But there’s no need to have different partners in each country you operate in – one for your Luxembourg payroll and a different one for your Brazilian payroll. There’s no need to have multiple parties involved in your business when one trusted partner can do it all.

The added benefit being that all your data and reporting is in the same formats and easily consolidated, giving you the information you need for forecasting and strategizing – the data essential to plan your business growth.

If you haven’t considered outsourcing, why not give it a try with non-core tasks? Maybe even give it a probation period, just like you would a new employee. Discover for yourself whether it’s right for your business.


There are opportunities to be considered for post-COVID business, to be sure. But there are also problems to be negated.

New policies need to be devised and installed to mitigate data risks and ensure staff and company safety. And you must consider everything from systems security to making sure your staff maintain a work/life balance when working remotely.

And one trusted global outsourcing partner can take the day-to-day, value-less, and troublesome functions off your hands, making your life easier, and giving you time to plan your global takeover!

Short points:

  • Working from home is viable.
  • Reducing your office space immediately increases cashflow.
  • Your tappable talent pool now reaches around the globe.
  • Reporting your ESG builds brand reputation and credibility.
  • Outsourcing removes a LOT of headaches, provides flexibility and cost savings.

[1] Felstead, A and Reuschke, D (2020) ‘Homeworking in the UK: before and during the 2020 lockdown’, WISERD Report, Cardiff: Wales Institute of Social and Economic Research.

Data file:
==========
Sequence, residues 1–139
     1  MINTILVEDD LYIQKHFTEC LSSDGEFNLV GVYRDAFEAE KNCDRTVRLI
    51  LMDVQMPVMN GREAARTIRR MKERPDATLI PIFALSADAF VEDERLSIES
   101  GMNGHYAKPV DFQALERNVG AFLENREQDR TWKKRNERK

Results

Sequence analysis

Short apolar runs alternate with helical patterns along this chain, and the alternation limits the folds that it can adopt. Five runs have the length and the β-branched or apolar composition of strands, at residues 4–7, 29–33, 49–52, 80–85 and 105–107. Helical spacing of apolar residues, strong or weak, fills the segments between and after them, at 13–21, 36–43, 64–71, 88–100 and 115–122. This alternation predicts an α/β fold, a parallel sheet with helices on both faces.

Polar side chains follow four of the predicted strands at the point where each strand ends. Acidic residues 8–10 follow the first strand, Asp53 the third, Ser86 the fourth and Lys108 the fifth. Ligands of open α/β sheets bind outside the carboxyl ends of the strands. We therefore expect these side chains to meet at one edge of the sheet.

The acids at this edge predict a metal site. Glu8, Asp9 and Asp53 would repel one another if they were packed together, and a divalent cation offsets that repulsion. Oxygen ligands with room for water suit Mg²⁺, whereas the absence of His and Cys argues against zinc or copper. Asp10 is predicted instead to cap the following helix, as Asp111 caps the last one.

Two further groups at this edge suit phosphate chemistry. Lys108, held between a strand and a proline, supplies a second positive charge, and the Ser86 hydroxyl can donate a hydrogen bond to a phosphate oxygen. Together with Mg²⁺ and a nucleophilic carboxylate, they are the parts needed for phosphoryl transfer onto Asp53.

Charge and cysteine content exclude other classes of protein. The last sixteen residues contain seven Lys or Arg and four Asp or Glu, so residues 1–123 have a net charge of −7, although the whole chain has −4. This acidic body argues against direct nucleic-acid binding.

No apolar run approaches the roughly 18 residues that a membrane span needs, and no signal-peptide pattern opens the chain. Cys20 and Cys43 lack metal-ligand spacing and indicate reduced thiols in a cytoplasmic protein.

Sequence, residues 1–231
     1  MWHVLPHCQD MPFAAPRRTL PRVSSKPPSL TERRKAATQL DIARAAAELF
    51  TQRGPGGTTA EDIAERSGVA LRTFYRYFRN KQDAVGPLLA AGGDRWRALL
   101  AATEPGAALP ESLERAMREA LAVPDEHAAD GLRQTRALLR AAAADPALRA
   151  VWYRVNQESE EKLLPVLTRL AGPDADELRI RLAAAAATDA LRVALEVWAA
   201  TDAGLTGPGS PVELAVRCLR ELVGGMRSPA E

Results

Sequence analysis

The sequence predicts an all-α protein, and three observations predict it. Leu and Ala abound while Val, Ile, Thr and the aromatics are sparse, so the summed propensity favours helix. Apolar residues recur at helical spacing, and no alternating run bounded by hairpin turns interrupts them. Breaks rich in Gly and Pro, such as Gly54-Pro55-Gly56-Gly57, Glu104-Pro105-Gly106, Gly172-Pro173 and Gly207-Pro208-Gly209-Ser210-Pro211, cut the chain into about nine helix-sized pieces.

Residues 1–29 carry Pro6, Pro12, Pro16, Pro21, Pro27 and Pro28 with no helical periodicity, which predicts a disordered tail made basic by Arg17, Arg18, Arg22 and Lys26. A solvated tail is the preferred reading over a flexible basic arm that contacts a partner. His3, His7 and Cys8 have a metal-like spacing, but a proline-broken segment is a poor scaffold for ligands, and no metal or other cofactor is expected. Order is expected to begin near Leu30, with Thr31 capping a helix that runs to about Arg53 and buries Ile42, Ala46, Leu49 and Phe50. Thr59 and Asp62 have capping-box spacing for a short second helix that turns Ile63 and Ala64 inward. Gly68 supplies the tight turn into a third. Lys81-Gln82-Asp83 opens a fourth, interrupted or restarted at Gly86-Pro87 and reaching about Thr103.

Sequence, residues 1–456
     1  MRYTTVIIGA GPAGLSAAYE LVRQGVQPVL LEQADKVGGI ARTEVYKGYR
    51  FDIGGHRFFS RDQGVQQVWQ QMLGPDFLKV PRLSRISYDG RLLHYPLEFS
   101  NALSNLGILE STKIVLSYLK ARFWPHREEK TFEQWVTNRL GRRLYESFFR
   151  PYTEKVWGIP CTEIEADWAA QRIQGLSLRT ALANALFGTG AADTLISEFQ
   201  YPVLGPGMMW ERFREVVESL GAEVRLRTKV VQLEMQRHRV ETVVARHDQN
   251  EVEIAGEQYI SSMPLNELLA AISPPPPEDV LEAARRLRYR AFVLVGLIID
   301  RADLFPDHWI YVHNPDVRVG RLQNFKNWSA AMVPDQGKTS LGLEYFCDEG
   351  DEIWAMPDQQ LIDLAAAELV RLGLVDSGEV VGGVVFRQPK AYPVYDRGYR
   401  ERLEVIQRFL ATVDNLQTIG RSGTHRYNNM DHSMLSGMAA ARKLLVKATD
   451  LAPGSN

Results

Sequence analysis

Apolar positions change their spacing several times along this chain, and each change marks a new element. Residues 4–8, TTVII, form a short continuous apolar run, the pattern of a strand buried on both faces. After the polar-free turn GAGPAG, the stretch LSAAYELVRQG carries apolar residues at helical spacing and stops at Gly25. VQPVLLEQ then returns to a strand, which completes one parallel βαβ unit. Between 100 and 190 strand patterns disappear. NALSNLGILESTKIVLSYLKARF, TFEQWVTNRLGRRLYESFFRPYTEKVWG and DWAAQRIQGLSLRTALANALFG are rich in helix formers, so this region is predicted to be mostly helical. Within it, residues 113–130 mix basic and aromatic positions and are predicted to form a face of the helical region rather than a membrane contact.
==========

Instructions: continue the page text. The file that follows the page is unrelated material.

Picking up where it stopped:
[2] Full lockdown = Schools closed, people only able to leave the house for essential food/medicines or 1hr exercise per day.

[3] https://www.iod.com/news/news/articles/Home-working-here-to-stay-new-IoD-figures-suggest

[4] https://ec.europa.eu/jrc/sites/jrcsh/files/jrc120945_policy_brief_-_covid_and_telework_final.pdf

[5] https://www.weforum.org/agenda/2020/07/how-the-post-covid-workplace-will-change-business-for-the-better/

[6] https://voxeu.org/article/mitigating-work-security-trade

[7] https://www.europeanbusinessreview.com/business-after-covid-19-what-will-change/

[8] https://www.pnas.org/content/117/32/18984

[9] https://link.springer.com/article/10.1007/s11356-021-12461-4

[10] https://www.sciencedirect.com/science/article/abs/pii/S004896972034095X

[11] SDGs as laid out by the United Nations

Local Knowledge – International Coverage

Founded in 1979, Auxadi is a family-owned business working for multinational corporations, private equity funds and real estate funds. It’s the leading firm in international accounting, tax compliance and payroll services management connecting Europe and the Americas with the rest of the world, offering services in 50 countries. Its client list includes many of the top 100 PERE companies. Headquartered in Madrid, with offices in US and further 22 international subsidiaries, Auxadi serves 1,500+ SPVs across 50 jurisdictions.

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Rima Yousfan

Rima Yousfan

All information contained in this publication is up to date on 2021. This content has been prepared for general guidance on matters of interest only, and does not constitute professional advice. You should not act upon the information contained in this chart without obtaining specific professional advice. No representation or warranty (express or implied) is given as to the accuracy or completeness of the information contained in this content, and, to the extent permitted by law, AUXADI does not accept or assume any liability, responsibility or duty of care for any consequences of you or anyone else acting, or refraining to act, in reliance on the information contained in this chart or for any decision based on it.